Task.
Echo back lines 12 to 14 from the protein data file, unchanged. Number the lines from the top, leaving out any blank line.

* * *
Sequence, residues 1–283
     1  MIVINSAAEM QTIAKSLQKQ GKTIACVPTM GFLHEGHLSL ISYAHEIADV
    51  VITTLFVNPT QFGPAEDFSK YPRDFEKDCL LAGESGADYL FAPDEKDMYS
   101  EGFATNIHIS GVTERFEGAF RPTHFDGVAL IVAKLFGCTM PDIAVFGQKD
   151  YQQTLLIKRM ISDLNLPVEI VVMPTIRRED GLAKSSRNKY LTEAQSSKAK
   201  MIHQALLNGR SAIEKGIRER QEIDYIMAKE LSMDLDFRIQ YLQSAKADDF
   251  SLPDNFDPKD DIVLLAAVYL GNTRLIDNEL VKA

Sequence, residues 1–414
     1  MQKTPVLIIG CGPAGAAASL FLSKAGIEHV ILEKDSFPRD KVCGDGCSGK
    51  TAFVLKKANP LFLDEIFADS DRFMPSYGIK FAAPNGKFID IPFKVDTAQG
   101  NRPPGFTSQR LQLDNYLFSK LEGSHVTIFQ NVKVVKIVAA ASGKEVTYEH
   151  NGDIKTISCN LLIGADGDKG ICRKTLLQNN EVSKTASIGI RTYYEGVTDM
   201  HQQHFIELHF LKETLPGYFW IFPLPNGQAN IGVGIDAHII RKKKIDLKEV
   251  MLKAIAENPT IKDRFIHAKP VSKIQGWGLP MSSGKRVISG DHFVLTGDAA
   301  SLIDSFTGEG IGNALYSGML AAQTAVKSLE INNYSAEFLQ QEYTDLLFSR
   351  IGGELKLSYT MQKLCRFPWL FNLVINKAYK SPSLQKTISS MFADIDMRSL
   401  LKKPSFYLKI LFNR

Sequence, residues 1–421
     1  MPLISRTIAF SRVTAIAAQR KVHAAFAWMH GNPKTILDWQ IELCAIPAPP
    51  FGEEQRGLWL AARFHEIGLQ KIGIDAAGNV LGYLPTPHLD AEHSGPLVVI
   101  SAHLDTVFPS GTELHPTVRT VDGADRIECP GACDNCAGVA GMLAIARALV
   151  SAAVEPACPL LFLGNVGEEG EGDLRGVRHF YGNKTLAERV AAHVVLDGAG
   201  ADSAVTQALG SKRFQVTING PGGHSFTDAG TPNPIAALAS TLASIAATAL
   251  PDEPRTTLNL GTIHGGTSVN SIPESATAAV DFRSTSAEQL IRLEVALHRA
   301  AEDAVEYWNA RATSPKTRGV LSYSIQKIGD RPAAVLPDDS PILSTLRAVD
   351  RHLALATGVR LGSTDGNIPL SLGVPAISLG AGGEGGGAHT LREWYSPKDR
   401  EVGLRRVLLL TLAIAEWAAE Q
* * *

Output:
   151  NGDIKTISCN LLIGADGDKG ICRKTLLQNN EVSKTASIGI RTYYEGVTDM
   201  HQQHFIELHF LKETLPGYFW IFPLPNGQAN IGVGIDAHII RKKKIDLKEV
   251  MLKAIAENPT IKDRFIHAKP VSKIQGWGLP MSSGKRVISG DHFVLTGDAA